Devolution: Scrutiny 1, EDDC Leader and CEO own goal

As Owl has already hooted, the Tory Government, for ideological reasons, is very keen to devolve some power over public spending to new regional bodies.

Local authorities in Devon and Somerset- including EDDC- have responded enthusiastically setting up a consortium, the Heart of the South-West (HotSW) to bid for more power to spend central government money.

But critics believe that the Government wants to boost local productivity by letting rip construction, housebuilding, and manufacturing, and by encouraging the selling off of public assets to be more economically exploited by the “free market”. Farming, tourism, and renewable energy seem low priorities. Climate change and the environment seem hardly to figure as concerns.

The negotiations at HotSW involve a business organisation, the Local Enterprise Panel, (LEP) but it’s difficult to know exactly who calls the tune, because the meetings so far have been closed to press and public and no minutes are published. A draft bid is almost ready and is intended to be sent to Whitehall before Christmas.

EDDC representative on HotSW is Council Leader Paul Diviani, and, true to form, a recommendation was about to be slipped through for Cabinet approval, to give Cllr Diviani delegated authority to agree to whatever bid HotSW comes up with!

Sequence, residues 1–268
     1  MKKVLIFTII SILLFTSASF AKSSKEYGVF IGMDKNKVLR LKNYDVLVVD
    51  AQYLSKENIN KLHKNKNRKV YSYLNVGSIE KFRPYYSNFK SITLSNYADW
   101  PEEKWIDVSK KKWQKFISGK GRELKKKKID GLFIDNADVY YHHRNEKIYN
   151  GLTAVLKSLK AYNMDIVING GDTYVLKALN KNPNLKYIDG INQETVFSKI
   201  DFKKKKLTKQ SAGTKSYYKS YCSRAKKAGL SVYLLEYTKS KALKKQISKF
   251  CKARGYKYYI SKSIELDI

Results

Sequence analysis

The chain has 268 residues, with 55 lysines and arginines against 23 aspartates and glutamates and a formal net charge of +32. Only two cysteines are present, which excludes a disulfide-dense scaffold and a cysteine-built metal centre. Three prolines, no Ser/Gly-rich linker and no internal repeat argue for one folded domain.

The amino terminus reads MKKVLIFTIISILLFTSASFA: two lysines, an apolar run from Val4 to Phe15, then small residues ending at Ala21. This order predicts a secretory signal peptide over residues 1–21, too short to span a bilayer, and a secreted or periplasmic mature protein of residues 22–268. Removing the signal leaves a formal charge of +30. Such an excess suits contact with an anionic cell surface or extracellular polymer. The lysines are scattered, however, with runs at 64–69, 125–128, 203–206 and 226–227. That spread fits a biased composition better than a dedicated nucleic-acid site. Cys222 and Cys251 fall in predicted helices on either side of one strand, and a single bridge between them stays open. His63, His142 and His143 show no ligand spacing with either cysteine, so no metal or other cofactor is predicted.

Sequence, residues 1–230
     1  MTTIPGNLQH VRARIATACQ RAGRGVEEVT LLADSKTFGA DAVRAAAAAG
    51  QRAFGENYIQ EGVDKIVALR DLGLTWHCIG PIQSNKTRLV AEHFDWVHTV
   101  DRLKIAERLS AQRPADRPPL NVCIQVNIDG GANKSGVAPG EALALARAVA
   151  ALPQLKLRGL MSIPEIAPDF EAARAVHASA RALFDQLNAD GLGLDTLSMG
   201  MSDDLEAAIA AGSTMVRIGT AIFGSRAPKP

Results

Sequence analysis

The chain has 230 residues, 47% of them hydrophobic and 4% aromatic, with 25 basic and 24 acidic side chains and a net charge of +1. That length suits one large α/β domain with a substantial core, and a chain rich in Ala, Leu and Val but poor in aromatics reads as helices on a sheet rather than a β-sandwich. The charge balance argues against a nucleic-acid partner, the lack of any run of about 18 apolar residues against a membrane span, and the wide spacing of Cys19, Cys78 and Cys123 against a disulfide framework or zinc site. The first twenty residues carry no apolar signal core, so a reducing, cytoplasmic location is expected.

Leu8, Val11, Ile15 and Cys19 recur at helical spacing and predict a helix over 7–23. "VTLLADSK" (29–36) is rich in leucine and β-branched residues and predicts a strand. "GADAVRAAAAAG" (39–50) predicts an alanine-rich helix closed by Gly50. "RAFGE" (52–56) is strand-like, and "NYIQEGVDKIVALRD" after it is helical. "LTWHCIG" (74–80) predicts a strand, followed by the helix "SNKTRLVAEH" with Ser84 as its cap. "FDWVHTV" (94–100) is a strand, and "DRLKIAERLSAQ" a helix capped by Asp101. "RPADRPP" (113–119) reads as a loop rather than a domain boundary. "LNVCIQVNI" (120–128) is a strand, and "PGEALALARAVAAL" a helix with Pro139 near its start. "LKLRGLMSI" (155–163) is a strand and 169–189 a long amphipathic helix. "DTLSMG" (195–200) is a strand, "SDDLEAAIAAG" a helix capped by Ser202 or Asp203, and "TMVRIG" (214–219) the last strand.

But thanks to the insistence of Chair of the Scrutiny Committee , Independent Cllr Roger Giles, the context of the recommendation was openly discussed first, at a special meeting (Combined Overview & Scrutiny) called in the nick of time, just hours before the Cabinet meeting last Wednesday (2nd Dec).

The meeting began with a presentation by EDDC Chief Officer Mark Williams, which confirmed that the thrust of HotSW was to boost the local economy by expanding construction, industry and commerce – productivity was too low, he said, because there were a lot of old people in the area! The new digital economy would benefit from better training and apprenticeships, especially “Greater Exeter” (including part of East Devon).

Councillors were sceptical. Tory Mike Allen said HotSW negotiations should be more transparent, and Independent Cllr Rob Longhurst followed up his idea, putting forward the motion that a group of councillors with appropriate responsibilities should be kept informed of developments and consulted before decisions were made.

This was accepted, and it was also proposed that no delegated authority should be given to the Leader until the Full Council Meeting on 16th December, by which time all councillors would be sent a copy of the bid.

A triumph for transparency? Not quite— the bid will still not be put in the public domain before it goes to Westminster.

EDW note: Two previous posts on the subject here

and here